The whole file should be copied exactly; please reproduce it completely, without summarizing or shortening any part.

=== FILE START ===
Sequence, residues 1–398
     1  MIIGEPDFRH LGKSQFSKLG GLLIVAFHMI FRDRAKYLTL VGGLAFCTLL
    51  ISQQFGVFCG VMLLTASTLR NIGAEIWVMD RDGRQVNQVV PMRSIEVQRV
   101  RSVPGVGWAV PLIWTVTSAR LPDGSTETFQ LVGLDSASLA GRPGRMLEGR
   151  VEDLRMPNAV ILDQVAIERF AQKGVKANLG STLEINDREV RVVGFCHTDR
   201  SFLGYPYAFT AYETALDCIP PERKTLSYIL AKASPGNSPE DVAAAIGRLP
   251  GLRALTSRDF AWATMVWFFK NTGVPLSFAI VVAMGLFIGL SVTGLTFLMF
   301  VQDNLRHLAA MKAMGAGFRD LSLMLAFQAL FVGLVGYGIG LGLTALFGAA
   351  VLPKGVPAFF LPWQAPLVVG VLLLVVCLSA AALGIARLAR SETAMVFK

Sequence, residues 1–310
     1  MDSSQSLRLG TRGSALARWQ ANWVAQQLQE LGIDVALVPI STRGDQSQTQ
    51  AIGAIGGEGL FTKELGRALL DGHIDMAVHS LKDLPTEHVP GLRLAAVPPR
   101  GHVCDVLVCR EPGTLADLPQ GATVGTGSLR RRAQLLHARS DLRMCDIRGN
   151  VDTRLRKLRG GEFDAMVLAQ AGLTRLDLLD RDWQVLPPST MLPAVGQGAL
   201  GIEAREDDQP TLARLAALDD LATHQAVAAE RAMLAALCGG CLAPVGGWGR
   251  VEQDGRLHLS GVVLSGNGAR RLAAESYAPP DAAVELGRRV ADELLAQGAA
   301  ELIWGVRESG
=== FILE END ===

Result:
Sequence, residues 1–398
     1  MIIGEPDFRH LGKSQFSKLG GLLIVAFHMI FRDRAKYLTL VGGLAFCTLL
    51  ISQQFGVFCG VMLLTASTLR NIGAEIWVMD RDGRQVNQVV PMRSIEVQRV
   101  RSVPGVGWAV PLIWTVTSAR LPDGSTETFQ LVGLDSASLA GRPGRMLEGR
   151  VEDLRMPNAV ILDQVAIERF AQKGVKANLG STLEINDREV RVVGFCHTDR
   201  SFLGYPYAFT AYETALDCIP PERKTLSYIL AKASPGNSPE DVAAAIGRLP
   251  GLRALTSRDF AWATMVWFFK NTGVPLSFAI VVAMGLFIGL SVTGLTFLMF
   301  VQDNLRHLAA MKAMGAGFRD LSLMLAFQAL FVGLVGYGIG LGLTALFGAA
   351  VLPKGVPAFF LPWQAPLVVG VLLLVVCLSA AALGIARLAR SETAMVFK

Sequence, residues 1–310
     1  MDSSQSLRLG TRGSALARWQ ANWVAQQLQE LGIDVALVPI STRGDQSQTQ
    51  AIGAIGGEGL FTKELGRALL DGHIDMAVHS LKDLPTEHVP GLRLAAVPPR
   101  GHVCDVLVCR EPGTLADLPQ GATVGTGSLR RRAQLLHARS DLRMCDIRGN
   151  VDTRLRKLRG GEFDAMVLAQ AGLTRLDLLD RDWQVLPPST MLPAVGQGAL
   201  GIEAREDDQP TLARLAALDD LATHQAVAAE RAMLAALCGG CLAPVGGWGR
   251  VEQDGRLHLS GVVLSGNGAR RLAAESYAPP DAAVELGRRV ADELLAQGAA
   301  ELIWGVRESG